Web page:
Kawailehua Kuluhiwa was born and raised in Kihei, Maui. She graduated from Maui Community College in the Spring of 2003 with an A.A. degree and transferred to University of Hawaii at Hilo. She completed her internship with the Akamai program in the summer of 2003 at W.M. Keck Observatory. Currently, she is completing her B.S. degree in astronomy at the UH Hilo. Recently Kawai traveled to UC Santa Cruz for the CfAO’s Saturday Open Lab so she could learn more about graduate school opportunities. She hopes to someday return home to establish employment on the observatories of Maui or Hawaii and to work closely with other astronomers.
Home Island: Maui
Institution when accepted: University of Hawaii at Hilo
Akamai Project: RY Scuti and Its Unusual Nebular Structure Taken in the Thermal Infrared with Keck’s Adaptive Optics System and NIRC2 Imager
Project Site: Keck Observatory
Mentors: David Le Mignant and Randy Campbell
RY Scuti is a massive, eclipsing, binary stellar system that can be considered as one of the most exotic star systems around. The data on this system were taken on 11 June, 2003, using the adaptive optics system and NIRC2 imager on the Keck2 10 meter telescope atop Mauna Kea. The data reduction process was completed using special software for the purpose of eliminating the existing systematics within our images. The systematics that we needed to correct for included the infrared light emitted by the sky and telescope, bad pixels which are those that portray an abnormally high or low response level, and the inconsistency of how each pixel across the infrared detector reacts from one another. We present new 2.3-4.7 µm images of RY Scuti’s nebula in great detail as never seen before in these given wavelengths. These well-resolved images illustrate the central star and its remarkable, clear-cut diffraction pattern as well as a nebular region that could be seen best in the thermal near infrared (3-5 µm). These new observations will be used for further analysis on the system’s unusual and intriguing nebular structure, perhaps supporting the hypotheses that its nebula exists as two parallel dust rings as theorized by Gehrz et. al and Smith et. al.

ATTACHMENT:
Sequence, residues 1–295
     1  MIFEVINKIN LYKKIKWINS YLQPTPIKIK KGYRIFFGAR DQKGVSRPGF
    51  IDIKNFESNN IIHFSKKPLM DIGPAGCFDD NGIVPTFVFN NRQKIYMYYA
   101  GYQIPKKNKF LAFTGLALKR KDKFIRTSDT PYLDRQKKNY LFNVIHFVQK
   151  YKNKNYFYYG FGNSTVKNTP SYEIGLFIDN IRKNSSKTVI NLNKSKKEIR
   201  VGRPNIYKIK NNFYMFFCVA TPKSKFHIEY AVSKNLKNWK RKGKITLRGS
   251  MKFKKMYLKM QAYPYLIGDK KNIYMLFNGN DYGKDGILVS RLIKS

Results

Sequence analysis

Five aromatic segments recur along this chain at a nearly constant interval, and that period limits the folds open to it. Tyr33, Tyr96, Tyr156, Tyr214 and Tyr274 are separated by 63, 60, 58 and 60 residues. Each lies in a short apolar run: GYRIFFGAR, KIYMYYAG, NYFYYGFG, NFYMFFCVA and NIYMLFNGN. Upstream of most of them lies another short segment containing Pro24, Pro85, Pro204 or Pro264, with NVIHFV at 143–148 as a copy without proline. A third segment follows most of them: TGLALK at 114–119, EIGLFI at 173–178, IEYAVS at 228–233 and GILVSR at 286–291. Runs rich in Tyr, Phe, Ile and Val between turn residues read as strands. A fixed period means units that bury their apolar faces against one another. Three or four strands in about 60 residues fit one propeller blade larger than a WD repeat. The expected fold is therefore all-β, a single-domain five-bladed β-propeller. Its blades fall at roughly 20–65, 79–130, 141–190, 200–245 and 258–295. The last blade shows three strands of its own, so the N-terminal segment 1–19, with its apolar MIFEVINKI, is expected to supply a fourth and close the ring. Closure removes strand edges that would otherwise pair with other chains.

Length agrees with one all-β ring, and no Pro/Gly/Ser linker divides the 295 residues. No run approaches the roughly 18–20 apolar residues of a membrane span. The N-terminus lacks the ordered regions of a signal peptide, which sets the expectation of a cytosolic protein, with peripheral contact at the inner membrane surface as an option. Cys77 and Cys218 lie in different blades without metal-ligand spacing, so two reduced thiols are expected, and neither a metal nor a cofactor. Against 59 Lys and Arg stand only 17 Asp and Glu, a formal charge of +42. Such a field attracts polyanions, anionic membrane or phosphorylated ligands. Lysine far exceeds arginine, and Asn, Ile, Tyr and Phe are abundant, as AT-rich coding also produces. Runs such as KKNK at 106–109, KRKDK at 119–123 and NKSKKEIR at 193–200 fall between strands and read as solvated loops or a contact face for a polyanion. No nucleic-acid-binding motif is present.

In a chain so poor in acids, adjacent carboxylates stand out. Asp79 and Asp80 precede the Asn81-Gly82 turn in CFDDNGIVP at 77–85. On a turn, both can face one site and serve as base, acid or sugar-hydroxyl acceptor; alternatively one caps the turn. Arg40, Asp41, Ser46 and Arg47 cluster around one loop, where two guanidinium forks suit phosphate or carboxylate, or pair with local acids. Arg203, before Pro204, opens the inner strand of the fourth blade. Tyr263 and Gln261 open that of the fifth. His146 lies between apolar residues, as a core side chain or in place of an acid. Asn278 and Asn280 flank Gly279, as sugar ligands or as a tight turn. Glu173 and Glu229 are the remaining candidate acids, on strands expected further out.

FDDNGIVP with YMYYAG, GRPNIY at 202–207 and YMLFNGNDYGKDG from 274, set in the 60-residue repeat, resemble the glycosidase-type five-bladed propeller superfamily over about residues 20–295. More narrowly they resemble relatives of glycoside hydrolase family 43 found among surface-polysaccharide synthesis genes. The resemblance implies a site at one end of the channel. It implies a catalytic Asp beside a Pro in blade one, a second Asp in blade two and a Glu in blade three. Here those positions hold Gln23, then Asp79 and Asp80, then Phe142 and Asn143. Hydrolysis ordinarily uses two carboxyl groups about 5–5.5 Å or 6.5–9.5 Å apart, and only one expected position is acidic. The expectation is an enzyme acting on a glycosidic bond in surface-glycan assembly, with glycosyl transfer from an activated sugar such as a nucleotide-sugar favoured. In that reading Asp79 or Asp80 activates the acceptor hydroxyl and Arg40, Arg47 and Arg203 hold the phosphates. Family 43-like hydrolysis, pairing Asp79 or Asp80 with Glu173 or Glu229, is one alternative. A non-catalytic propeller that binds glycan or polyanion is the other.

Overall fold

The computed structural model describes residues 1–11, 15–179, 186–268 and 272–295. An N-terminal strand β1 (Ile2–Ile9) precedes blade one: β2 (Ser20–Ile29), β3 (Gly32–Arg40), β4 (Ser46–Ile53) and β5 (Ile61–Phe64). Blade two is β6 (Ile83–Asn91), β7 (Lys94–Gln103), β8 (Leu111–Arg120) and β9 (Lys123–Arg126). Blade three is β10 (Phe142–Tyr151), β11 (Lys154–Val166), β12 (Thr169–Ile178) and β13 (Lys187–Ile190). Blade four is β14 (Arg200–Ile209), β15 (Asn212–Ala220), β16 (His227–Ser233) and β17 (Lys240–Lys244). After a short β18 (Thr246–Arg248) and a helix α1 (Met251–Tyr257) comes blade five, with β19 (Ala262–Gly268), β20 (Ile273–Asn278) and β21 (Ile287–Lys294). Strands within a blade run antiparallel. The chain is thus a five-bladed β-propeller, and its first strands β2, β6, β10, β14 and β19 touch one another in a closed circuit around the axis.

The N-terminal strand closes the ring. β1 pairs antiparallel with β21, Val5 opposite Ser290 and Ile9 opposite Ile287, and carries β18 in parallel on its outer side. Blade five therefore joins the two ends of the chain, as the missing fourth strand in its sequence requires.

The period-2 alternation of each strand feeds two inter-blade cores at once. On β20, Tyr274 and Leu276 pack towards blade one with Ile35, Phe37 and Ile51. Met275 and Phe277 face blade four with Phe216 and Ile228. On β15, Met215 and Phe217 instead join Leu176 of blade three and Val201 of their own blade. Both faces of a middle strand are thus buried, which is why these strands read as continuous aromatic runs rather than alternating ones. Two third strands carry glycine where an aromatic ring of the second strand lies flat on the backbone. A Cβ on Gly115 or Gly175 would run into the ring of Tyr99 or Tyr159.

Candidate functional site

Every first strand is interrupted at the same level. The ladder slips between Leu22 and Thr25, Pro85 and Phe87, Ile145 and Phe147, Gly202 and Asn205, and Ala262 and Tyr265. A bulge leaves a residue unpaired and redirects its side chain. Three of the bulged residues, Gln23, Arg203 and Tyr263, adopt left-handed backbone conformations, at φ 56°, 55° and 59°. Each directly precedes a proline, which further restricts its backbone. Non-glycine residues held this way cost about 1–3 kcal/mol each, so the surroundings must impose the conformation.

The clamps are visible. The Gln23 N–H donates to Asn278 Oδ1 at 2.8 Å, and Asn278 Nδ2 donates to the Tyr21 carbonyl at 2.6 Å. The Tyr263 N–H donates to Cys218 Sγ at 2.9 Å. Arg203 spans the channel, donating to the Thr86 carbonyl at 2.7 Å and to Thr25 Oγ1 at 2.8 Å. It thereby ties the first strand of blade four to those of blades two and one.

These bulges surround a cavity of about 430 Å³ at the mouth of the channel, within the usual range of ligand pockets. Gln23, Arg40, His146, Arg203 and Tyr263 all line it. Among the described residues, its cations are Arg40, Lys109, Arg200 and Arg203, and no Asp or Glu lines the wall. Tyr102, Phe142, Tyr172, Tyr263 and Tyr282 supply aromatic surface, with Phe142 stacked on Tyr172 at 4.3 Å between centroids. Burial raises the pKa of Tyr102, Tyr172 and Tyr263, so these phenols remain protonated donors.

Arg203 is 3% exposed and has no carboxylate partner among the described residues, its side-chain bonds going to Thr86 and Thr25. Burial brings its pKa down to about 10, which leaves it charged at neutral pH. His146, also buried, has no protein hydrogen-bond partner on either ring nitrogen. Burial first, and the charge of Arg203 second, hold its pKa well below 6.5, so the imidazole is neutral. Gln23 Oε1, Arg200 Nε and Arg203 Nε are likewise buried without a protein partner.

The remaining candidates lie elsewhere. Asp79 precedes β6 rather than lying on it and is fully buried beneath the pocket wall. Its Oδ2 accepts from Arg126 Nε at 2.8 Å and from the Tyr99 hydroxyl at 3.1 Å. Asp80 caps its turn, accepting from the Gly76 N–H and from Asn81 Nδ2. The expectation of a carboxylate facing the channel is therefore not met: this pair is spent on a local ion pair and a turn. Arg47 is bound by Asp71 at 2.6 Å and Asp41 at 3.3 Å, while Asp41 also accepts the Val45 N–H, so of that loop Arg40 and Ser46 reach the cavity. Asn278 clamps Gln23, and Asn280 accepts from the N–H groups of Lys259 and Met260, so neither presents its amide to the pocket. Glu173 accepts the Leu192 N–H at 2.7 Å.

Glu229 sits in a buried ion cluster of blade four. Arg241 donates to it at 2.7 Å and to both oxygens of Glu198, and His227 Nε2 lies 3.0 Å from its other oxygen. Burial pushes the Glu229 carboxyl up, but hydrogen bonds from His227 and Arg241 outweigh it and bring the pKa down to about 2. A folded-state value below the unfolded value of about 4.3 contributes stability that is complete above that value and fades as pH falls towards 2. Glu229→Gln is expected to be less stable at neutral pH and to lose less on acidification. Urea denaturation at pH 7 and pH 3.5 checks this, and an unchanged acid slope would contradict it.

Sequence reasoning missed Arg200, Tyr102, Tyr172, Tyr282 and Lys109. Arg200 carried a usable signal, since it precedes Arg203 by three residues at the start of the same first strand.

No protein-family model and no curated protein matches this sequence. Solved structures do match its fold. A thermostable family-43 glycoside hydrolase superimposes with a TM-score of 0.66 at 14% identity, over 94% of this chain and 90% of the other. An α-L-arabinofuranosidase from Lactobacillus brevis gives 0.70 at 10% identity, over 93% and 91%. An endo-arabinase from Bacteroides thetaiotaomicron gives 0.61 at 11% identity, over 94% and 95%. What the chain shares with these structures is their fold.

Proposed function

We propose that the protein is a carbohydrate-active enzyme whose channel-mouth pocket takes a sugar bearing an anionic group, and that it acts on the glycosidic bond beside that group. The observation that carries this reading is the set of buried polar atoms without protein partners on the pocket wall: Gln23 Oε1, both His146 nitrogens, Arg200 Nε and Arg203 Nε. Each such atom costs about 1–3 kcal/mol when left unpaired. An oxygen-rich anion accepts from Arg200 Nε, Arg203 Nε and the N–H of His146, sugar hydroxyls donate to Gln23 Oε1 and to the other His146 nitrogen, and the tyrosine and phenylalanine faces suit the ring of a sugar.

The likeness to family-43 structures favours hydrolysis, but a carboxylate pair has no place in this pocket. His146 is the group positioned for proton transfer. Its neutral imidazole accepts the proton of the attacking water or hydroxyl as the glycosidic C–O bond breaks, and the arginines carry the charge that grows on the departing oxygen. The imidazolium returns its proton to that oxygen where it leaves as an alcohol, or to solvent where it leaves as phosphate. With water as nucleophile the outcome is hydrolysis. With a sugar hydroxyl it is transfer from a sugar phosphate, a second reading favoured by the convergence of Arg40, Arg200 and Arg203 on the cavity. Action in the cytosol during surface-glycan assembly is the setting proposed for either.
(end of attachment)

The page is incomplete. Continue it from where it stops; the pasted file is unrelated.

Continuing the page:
For more information on the
Gehrz and Smith paper, the following website can be referred to: